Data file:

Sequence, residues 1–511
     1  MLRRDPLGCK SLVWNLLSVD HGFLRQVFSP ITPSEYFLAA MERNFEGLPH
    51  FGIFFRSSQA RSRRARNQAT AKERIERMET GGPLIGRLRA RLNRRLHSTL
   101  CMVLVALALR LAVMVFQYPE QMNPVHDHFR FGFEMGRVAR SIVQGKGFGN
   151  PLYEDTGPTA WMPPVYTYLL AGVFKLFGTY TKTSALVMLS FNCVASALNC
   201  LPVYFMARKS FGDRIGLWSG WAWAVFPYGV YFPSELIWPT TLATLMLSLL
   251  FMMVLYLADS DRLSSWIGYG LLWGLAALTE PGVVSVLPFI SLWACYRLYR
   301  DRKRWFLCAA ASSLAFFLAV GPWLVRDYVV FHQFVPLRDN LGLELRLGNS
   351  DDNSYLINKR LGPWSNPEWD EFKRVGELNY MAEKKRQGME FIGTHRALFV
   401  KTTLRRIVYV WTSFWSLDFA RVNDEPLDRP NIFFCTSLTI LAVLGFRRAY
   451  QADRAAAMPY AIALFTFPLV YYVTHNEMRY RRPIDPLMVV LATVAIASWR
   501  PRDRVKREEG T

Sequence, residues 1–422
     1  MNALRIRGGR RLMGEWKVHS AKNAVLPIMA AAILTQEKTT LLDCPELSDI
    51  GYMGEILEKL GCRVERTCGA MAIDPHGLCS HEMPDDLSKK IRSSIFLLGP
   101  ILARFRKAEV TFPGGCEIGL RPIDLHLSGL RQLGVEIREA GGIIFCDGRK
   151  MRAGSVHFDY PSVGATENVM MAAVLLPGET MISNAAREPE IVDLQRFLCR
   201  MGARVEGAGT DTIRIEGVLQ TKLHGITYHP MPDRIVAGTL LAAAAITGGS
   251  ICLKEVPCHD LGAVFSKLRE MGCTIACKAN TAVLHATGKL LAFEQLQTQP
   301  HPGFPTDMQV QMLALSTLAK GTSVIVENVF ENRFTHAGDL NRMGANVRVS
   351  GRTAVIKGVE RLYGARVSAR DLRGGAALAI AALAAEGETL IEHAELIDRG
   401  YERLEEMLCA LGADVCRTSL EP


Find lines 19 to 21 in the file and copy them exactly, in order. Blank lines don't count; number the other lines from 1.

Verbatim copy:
   251  ICLKEVPCHD LGAVFSKLRE MGCTIACKAN TAVLHATGKL LAFEQLQTQP
   301  HPGFPTDMQV QMLALSTLAK GTSVIVENVF ENRFTHAGDL NRMGANVRVS
   351  GRTAVIKGVE RLYGARVSAR DLRGGAALAI AALAAEGETL IEHAELIDRG